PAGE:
The established approach for a waiver and amendment would be for a request to be made by the borrower which is subsequently reviewed with a view to being approved or negotiated by the lender. As we have previously written, a borrower should consider where it may be facing difficulties in complying with provisions of its loans and be as specific as possible in its requests. Although the precise scope of a request will depend on the particular facilities and commercial factors connected with it, there are likely commonalities that will fall into requests including:

  • adjustment to payment dates in respect of both interest and principal with possible amendments to cater for revised amortisation schedules, which may include extending the term of the facility and addressing any necessary capitalisation of interest;
  • waiving any formal non-payment breaches arising due to interest and capital repayment moratoriums;
  • waivers of non-performance under financial covenants. Parties will need to consider whether there are equity cure provisions that can be used (both legally and practically) and whether waivers of specific tests are required. Challenges that may arise in terms of data available to a borrower may need to be considered; and
  • any amendments required where there are overdraft, revolving facilities or ancillary facilities which may still fall to be drawn and where these would otherwise be draw-stopped.

Parties may also need to consider factors external to their relationship with the lender arising from COVID-19 that could affect compliance with loan terms. For example, an obligation to deliver accounts or audit reports assumes that the borrower’s accountants and auditors continue to be able to meet timelines.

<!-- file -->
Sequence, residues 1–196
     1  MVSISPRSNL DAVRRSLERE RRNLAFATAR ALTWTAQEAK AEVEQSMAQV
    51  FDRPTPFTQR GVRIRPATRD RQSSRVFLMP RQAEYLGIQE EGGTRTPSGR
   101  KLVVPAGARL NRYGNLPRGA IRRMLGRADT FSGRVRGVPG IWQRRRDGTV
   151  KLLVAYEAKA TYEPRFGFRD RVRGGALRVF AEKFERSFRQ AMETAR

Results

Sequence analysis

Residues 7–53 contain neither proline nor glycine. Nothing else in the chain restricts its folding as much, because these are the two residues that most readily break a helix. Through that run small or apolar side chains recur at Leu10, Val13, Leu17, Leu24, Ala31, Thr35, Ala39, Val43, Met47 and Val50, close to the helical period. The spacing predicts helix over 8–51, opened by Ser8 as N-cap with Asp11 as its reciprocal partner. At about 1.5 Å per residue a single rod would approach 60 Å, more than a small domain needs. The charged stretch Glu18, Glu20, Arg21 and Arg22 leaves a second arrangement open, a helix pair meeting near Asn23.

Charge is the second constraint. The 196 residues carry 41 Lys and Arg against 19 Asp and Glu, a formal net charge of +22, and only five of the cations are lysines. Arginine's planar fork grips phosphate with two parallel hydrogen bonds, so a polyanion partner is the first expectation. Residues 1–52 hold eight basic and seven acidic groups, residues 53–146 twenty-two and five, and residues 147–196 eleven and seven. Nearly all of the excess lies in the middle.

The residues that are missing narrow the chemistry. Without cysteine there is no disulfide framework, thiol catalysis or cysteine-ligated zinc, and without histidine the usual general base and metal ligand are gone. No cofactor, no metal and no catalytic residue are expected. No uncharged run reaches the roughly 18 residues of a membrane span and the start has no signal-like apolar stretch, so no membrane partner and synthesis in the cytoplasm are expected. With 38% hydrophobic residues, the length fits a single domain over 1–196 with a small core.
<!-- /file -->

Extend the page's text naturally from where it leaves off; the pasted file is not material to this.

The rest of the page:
Internal legal or commercial policies may affect the assessment of what amendments/waivers are appropriate, how these can be documented and whether there are other conditions (for example, additional credit support) that may be required.

Whilst we would expect that this process will continue as lenders assess the requests and future performance of their borrowers, it is likely that the volume of requests will be high and parties need to engage now to ensure requests can be considered in advance of the cessation of moratoriums.

Documenting Amendments and Waivers

Whilst COVID-19 hasn’t changed the fact that amendments and waivers can be either documented by amendment letter/agreement or by way of an amendment and restatement of existing documentation, both legal and practical considerations need to be taken into account:

  • bilateral facilities are likely to be capable of amendment by agreement between borrower and lender but if there are any arrangements in relation to subordinated or other junior (or senior) debt there may be terms applying in relation to this debt that will need to be addressed;